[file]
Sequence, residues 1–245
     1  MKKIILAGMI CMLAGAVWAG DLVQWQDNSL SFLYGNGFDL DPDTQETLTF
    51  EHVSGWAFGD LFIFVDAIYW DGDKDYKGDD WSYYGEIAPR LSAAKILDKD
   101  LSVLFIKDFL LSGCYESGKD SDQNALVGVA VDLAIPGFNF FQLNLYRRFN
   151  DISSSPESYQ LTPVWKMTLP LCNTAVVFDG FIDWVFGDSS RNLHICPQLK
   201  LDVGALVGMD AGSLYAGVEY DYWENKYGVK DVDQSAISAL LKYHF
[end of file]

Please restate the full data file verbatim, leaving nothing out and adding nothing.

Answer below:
Sequence, residues 1–245
     1  MKKIILAGMI CMLAGAVWAG DLVQWQDNSL SFLYGNGFDL DPDTQETLTF
    51  EHVSGWAFGD LFIFVDAIYW DGDKDYKGDD WSYYGEIAPR LSAAKILDKD
   101  LSVLFIKDFL LSGCYESGKD SDQNALVGVA VDLAIPGFNF FQLNLYRRFN
   151  DISSSPESYQ LTPVWKMTLP LCNTAVVFDG FIDWVFGDSS RNLHICPQLK
   201  LDVGALVGMD AGSLYAGVEY DYWENKYGVK DVDQSAISAL LKYHF